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Stem Cells

 

Stem cells are unique cells in our body that are largely responsible for how we heal. They possess two key characteristics that make them unique.  1- Proliferation:  They can divide repeatedly, making more stem cells.   And 2- Differentiation:  Stem cells can change; turning themselves into various types of cells in our body, depending what type of cells need support or healing.  

Newborns have very robust stem cells, capable of proliferating at a high rate.  One cell can divide into 2 billion cells in just 30 days.  Over our lifespan, our stem cells become less and less capable of proliferation.  By the time we are 65 years old, one of our stem cells will divide into only around 200 cells in 30 days.  Children heal very fast but as we age, we heal slower and slower. 

Another reason we do not heal as well as we age is because we have less and less stem cells.  Newborns have a 1: 10,000 ratio of stem cells to non-stem cells.   By the time we are 65 years old, our ratio of stem to non-stem cells is about 1: 1,000,000.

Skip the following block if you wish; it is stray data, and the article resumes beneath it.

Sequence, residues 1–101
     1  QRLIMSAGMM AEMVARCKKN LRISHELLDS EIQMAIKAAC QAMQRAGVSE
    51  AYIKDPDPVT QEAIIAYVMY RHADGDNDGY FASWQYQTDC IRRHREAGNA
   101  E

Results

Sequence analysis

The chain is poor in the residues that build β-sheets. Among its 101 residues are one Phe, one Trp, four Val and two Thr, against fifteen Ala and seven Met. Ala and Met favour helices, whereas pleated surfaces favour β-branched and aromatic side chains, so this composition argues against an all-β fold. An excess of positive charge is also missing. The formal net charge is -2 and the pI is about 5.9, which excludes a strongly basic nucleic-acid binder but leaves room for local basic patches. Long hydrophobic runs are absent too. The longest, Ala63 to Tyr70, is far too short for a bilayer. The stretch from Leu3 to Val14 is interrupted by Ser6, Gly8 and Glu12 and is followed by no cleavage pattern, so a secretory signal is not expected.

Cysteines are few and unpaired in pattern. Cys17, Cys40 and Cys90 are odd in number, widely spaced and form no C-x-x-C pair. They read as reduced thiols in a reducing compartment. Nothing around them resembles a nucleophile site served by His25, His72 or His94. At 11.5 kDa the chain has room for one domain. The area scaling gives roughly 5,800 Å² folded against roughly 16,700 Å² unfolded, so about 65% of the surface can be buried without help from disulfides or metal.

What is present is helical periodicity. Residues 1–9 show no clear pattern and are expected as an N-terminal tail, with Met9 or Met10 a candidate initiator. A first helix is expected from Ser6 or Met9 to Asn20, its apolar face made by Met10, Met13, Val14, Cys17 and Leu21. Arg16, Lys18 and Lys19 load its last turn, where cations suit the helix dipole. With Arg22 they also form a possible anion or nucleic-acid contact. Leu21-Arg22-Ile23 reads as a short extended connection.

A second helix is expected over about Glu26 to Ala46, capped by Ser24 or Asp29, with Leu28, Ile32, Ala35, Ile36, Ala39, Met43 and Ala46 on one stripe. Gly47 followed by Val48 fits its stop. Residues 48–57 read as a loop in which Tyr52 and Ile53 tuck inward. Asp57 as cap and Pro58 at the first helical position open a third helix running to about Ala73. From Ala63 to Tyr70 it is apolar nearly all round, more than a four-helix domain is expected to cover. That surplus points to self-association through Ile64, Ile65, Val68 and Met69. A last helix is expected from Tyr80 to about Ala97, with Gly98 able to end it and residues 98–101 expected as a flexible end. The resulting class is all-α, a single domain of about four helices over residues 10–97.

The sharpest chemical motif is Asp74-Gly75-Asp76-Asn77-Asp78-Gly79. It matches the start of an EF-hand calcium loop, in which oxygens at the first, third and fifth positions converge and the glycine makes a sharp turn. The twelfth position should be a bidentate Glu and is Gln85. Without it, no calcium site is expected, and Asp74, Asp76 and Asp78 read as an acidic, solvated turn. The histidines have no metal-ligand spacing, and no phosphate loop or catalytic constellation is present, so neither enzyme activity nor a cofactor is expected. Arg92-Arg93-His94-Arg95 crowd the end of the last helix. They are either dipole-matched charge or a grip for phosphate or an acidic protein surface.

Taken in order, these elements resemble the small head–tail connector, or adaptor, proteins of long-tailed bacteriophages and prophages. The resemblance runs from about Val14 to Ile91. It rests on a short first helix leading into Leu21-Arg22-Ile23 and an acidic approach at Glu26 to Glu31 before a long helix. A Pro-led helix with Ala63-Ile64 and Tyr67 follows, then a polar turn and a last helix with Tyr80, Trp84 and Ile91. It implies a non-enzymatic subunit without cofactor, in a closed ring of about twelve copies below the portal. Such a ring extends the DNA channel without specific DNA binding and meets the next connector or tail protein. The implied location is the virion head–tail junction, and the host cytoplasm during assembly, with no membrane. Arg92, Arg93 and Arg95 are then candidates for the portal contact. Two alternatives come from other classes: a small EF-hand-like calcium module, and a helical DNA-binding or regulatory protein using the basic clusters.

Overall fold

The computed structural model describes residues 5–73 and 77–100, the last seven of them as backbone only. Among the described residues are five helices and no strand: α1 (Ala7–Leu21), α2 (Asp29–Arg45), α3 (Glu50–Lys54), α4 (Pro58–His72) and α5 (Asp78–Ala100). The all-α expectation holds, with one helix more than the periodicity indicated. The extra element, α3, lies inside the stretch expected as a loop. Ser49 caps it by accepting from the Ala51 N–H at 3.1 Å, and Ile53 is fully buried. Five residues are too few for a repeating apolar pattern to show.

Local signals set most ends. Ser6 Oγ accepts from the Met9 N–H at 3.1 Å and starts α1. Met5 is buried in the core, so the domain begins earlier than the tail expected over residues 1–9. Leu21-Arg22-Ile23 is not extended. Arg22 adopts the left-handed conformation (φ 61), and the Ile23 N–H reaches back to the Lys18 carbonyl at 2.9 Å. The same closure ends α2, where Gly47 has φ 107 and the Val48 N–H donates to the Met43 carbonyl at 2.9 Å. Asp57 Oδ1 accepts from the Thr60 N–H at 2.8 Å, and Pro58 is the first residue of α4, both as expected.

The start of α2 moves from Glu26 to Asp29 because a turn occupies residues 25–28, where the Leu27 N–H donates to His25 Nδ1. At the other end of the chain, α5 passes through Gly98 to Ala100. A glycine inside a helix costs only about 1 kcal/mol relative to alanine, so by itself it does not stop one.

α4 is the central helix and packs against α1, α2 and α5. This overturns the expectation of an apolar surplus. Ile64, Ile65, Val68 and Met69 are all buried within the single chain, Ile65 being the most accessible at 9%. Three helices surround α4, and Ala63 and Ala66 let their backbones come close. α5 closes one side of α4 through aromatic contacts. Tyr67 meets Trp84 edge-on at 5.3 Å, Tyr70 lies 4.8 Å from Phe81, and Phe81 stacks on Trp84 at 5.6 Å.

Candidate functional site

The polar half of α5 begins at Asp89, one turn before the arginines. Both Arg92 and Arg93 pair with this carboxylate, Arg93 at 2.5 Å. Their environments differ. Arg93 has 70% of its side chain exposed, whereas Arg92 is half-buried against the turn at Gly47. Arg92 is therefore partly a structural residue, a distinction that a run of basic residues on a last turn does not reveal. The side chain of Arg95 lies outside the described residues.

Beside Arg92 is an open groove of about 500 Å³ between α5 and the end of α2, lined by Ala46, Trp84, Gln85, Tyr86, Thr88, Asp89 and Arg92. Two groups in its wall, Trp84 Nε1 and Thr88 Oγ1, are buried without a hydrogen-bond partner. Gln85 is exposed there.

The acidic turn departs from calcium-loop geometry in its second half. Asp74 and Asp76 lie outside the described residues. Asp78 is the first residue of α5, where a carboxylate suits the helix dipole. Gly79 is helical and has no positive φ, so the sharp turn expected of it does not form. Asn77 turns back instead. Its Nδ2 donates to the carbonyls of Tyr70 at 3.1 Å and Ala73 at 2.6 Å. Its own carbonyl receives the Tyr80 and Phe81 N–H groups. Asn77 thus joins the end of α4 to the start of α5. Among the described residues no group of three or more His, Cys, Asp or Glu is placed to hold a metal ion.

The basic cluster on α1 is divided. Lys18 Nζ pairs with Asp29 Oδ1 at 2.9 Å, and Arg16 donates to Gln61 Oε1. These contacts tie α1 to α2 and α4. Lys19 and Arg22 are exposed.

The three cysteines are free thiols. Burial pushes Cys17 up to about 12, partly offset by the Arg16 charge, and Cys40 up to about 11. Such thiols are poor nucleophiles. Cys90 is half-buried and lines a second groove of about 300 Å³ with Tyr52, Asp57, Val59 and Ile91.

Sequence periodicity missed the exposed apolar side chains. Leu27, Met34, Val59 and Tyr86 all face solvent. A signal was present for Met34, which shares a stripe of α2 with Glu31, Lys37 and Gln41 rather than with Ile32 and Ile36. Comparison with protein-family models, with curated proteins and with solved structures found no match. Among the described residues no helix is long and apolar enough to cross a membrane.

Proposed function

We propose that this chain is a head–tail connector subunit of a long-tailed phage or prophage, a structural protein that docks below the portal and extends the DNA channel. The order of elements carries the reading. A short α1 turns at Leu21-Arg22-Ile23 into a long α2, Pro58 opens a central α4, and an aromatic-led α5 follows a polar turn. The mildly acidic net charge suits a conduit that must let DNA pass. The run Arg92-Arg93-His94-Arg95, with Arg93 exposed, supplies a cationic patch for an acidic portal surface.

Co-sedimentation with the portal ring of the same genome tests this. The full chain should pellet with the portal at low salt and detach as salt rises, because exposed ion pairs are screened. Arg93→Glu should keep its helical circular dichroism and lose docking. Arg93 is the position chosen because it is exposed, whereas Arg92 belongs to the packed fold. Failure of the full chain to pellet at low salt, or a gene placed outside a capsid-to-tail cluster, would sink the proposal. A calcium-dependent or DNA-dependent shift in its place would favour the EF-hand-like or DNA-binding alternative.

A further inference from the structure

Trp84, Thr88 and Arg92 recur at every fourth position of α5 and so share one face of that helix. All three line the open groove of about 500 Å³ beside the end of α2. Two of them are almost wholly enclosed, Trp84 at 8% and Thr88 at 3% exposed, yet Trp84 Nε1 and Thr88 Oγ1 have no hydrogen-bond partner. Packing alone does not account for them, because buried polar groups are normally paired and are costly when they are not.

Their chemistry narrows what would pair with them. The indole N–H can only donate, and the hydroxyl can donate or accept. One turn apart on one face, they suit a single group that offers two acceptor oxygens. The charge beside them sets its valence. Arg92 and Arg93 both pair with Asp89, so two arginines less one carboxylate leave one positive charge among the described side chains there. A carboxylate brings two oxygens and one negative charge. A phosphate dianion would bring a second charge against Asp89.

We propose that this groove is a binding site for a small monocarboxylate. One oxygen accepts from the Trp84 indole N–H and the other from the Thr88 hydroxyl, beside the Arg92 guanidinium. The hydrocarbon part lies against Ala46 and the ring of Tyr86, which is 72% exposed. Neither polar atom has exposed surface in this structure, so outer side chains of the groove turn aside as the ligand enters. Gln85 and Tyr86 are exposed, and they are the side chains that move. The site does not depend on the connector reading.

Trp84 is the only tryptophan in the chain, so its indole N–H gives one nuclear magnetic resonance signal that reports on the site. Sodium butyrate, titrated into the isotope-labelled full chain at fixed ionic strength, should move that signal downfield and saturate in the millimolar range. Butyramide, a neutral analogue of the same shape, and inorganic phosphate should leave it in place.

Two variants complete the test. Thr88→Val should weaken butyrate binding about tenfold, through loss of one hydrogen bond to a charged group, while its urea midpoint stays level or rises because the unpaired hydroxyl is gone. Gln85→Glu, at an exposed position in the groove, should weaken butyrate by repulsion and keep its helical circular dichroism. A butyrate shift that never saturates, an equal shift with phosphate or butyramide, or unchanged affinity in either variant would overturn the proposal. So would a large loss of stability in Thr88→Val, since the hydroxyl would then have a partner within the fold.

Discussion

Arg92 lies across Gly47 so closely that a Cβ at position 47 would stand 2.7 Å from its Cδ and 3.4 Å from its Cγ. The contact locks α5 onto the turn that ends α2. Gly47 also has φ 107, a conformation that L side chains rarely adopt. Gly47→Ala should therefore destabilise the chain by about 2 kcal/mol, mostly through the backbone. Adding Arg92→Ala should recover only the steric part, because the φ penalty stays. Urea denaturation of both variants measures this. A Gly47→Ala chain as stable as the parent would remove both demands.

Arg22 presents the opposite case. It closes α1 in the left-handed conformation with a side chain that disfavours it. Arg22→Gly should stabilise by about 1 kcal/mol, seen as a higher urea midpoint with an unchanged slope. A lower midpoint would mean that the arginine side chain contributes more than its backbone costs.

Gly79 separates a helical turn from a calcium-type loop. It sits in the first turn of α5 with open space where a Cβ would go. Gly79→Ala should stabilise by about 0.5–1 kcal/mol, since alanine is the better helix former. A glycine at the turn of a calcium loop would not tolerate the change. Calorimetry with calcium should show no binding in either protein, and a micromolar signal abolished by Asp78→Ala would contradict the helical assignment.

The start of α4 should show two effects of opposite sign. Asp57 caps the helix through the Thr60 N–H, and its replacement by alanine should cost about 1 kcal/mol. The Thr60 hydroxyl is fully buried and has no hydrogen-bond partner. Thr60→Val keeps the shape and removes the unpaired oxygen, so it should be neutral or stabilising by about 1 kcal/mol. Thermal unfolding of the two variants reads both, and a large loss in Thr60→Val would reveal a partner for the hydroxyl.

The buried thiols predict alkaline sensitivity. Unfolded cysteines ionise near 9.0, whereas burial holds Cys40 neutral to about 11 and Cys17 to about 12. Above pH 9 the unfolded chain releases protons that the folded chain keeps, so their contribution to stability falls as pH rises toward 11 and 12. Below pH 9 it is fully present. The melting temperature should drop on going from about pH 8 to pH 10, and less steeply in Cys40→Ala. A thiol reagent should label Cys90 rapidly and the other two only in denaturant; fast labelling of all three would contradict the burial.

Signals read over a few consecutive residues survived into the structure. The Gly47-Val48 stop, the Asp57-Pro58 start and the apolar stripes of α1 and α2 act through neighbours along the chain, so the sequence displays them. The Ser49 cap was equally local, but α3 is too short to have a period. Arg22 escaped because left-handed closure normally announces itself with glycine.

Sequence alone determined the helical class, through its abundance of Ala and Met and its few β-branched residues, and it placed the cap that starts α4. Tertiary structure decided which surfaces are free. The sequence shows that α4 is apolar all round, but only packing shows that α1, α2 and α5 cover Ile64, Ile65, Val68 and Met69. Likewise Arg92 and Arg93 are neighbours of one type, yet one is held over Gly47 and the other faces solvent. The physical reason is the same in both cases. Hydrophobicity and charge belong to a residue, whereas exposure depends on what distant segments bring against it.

In adult tissue, stem cells can repair or replace injured or diseased tissue in various organs of the body.  Adult stem cells are typically limited to creating cell types of the tissue that they occupy. For example, blood-forming stem cells in the bone marrow give rise to other blood cells; this type of stem cell is a hematopoietic stem cell.  In contrast, embryonic stem cells originate from the embryo and can develop spontaneously into any cell type. 

Mesenchymal stem cells are another type of stem cell found in our body. These types of stem cells have the ability to generate and repair connective tissues such as bone, tendon, muscle, ligament, nerve, cartilage, fat, and skin cells. One of the highest concentrations of mesenchymal stem cells in our body is in Wharton’s Jelly.  Wharton’s Jelly is a substance found in umbilical cords.  Umbilical cords are processed to collect mesenchymal stem cells, along with other substances which help us heal such as cytokines and growth factors.   The substances can then be cleaned and preserved using very cold temperatures.   Once thawed, the cells and substance can then be used to safely help many health conditions.  

Stem cells that differentiate into specific cell types, such as mesenchymal stem cells, offer the possibility to address diseases including macular degeneration, spinal cord injury, stroke, burns, heart disease, diabetes, osteoarthritis, cartilage damage, ligament damage and rheumatoid arthritis.

 

National Institute of Health. (2016). Stem cell information. https://stemcells.nih.gov/info/basics.htm

Davies, J. E., Walker, J.T., & Keating, A. (2017). Concise review: The rich, but enigmatic, source of mesenchymal stromal cells. Stem Cells Translational Medicine, 6, 1620-1630.

Author
Aligned Medical Group, P.C.

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